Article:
After all of the novel theories and nuanced legal arguments made by supporters and opponents of Obamacare over the many months this case has been pending, the Supreme Court’s decision in King v. Burwell essentially came down to this: denying health insurance subsidies to lower-income people in 34 states would have been so disastrous that Congress could not have intended that result when it passed the Affordable Care Act. As the Court’s opinion pointed out, “Congress passed the Affordable Care Act to improve health insurance markets, not to destroy them.”
In a historic decision, the U.S. Supreme Court declared that denying same-sex couples the freedom to marry violates the U.S. Constitution. The Court’s decision invalidates all state statutes and constitutional amendments barring same-sex couples from marriage. Lambda Legal was co-counsel in one of the landmark cases decided today.
New York State Governor Andrew Cuomo announced Tuesday that he will issue an executive order to remove 16- and 17-year-olds from state prisons, moving them instead to separate facilities under the supervision of the Department of Corrections and the Office of Children and Family Services. The Governor made this announcement during an end-of-session press conference, where he discussed a tentative legislative agreement on a number of outstanding issues.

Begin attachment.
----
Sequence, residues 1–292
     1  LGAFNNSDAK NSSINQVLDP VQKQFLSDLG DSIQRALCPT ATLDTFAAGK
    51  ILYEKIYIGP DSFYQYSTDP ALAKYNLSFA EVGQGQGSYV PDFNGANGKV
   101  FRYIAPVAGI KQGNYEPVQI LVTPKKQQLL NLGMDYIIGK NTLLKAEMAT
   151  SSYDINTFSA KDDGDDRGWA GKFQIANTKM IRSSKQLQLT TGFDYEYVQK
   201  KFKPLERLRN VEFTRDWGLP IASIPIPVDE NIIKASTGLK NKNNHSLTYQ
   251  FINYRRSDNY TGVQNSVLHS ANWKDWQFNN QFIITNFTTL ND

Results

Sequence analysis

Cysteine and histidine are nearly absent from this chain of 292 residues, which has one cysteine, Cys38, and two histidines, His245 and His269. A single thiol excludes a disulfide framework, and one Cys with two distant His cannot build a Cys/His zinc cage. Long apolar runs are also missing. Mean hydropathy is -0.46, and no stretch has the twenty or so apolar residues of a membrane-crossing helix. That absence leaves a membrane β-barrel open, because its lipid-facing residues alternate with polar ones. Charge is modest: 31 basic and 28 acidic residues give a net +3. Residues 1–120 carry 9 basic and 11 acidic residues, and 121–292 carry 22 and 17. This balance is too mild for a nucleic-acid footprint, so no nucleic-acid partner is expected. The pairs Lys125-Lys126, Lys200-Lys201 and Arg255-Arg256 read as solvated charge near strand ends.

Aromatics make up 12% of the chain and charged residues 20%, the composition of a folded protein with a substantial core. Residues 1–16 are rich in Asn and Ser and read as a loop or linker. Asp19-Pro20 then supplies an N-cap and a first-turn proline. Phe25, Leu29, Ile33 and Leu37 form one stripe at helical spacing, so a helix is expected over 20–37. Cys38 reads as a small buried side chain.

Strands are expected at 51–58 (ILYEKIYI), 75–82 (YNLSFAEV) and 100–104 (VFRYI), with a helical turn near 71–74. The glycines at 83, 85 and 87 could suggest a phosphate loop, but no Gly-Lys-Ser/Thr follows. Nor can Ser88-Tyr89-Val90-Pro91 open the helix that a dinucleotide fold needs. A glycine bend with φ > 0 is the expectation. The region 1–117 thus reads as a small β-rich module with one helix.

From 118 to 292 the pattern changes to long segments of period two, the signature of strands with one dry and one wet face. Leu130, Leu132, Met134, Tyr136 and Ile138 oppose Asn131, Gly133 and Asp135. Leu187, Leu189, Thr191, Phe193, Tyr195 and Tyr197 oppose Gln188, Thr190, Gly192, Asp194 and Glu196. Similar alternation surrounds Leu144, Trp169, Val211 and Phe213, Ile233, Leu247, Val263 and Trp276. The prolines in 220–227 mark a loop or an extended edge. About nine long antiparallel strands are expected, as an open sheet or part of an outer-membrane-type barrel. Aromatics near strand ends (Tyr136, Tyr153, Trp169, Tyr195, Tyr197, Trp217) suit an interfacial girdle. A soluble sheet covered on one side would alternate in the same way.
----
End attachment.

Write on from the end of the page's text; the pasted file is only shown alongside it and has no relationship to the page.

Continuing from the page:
In a 5-4 decision, the U.S. Supreme Court ruled that the federal Fair Housing Act prohibits not only intentional housing discrimination, but those housing decisions that have a “disparate impact” on a vulnerable population.
In a 6-3 decision in King v. Burwell, the United States Supreme Court rejected the latest challenge to the Patient Protection and Affordable Care Act (ACA), declaring that health insurance subsidies are available to residents of all states.
On April 28, the Supreme Court heard oral arguments in six cases from four states concerning marriage for same-sex couples. The Court asked counsel to address two questions in their presentation:
Question 1: Must states allow same-sex couples to marry under the United States Constitution? Question 2: Must states recognize the legal marriages entered by same-sex couples in other jurisdictions?
There are three possible outcomes.